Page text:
The One Life Project

An innovative new project, The One Life Project, which aims to increase the survival rates of patients who suffer an out of hospital cardiac arrest (OHCA) in Ireland has been launched by the National Ambulance Service (NAS). Maureen Browne reports.

Dr. Cathal O’Donnell
Dr. Cathal O’Donnell

Dr. Cathal O’Donnell, Medical Director of the National Ambulance Service and himself a Consultant in Emergency Medicine said there were roughly 1,800 out of hospital cardiac arrests in Ireland each year which equates to 14 every 24 hours of whom 13 died.

Without instant attention the likelihood of a person with cardiac arrest dying increases very dramatically. If a patient does not receive CPR and defibrillation, survival rate drops by ten per cent per minute and after ten minutes without treatment a 100 per cent mortality can be expected.

“The National Ambulance Service has been working for some time to improve the recognition and treatment of out of hospital cardiac arrest and how patient outcomes are measured.

“We are one aspect of the continuum of care for OHCA patients. We want to identify areas where we can improve. Our ultimate objective is that more people are delivered to hospital with their hearts re-started. We want to get 40 per cent of patients who have an out of hospital cardiac arrest to hospital with their heart re-started,” said Dr. O’Donnell.

“We have analysed every single step in the management of cardiac arrest from the moment someone dials 999 until the patient is transported by ambulance to the Emergency Department and broken it down into about 100 parts. We have analysed each of these and looked at where we can improve, innovate or do something different to improve survival rate.

“Over the next 3 – 5 years we will address each of these steps and see how we can improve survival.  We have 1,600 staff based in 102 ambulance stations and a single national control centre on two sites.

“There are three strands to The One Life Project – triage of the patient with the provision of treatment as quickly as possible for patients, getting specially equipped ambulances with trained staff to the site as quickly as possible and getting the patients to the most appropriate hospital as quickly as possible.

“Life threatening ambulance calls, such as a cardiac arrest get priority. The specially trained NAS call taker will instruct the person making the emergency call, how to perform CPR and how to use an automated external defibrillator if one is available. This means treatment can begin immediately. The call takers are trained to assess the information they get and to ask the necessary questions from the caller to establish patient’s condition. We have ongoing training of our staff to support and improve this.

“The second strand are the new Community First Responders. The NAS has established a network of over 120 community responder groups all over Ireland which are integrated into our control network. These first responders are specially trained to deal with cardiac arrest. If we get a cardiac arrest in the community, the first responder group in that particular area is notified automatically by text message from the control centre. Each group has an area of five to 10 km. They are right there in the community and can do chest compression and use defibrillators. They can get there very quickly and they are almost always there ahead of our ambulances. We had 98 community first responders last Decembers and now have 123.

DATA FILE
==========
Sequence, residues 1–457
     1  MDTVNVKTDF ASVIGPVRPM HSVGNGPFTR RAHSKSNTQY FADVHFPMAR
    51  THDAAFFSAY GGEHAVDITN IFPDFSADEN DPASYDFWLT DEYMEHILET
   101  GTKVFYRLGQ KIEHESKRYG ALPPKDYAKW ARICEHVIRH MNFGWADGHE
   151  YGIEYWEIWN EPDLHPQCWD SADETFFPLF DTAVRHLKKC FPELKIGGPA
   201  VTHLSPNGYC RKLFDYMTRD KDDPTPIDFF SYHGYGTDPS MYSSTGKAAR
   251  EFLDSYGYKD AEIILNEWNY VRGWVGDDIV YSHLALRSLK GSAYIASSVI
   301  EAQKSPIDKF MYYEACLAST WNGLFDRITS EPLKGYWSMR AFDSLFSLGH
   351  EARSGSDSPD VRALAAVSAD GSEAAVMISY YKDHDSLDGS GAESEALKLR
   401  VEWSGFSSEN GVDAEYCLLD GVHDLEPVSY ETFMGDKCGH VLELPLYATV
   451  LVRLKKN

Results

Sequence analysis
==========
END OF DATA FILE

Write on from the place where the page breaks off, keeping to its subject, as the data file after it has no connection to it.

“The third strand are our ambulance crews of specially trained Advanced Paramedics. Our highly trained staff work to international resuscitation guidelines which are revised every year and new guidelines were introduced this year. Now we are actively implementing these to ensure our clinical protocols are as up to date as possible. Over the last 12 months we have spent €4million on new state-of-the art advanced defibrillators They are now standardised right across the flight We employ mechanical CPR devices which are battery operated devices in all our rapid response vehicles nationally. The helicopter service also plays a part as a small number of patients have to be transferred to hospital by air as the nearest hospital may not be the most appropriate one. The aviation service provide the aircraft and the NAS provides advanced paramedics as part of the crew to respond to all calls.”

Dr. O’Donnell said there were multiple inputs to OHCAs including the ambulance service and the hospital system and therefore the survival figures for OHCAs reflected the continuum of care (GP, ambulance and hospital with multiple inputs from each service). The NAS was trying to isolate effects that could be measured from the point of view of their service.

To do this we are using the Utstein comparator group criteria which cover a cardiac arrest or a presumed cardiac cause that was bystander witnessed with an initial rhythm of Ventricular Fibrillation (VF)/Ventricular Tachycardia (VT). |We have set a target for getting 40 per cent of the Utstein comparator group to hospital with their hearts re-started.”

The National Ambulance Service (NAS) serves a population of almost 4.6 million people in the Republic of Ireland and responds to over 300,000 ambulance calls each year. It employs over 1,600 staff across 100 locations and has a fleet of approximately 500 vehicles.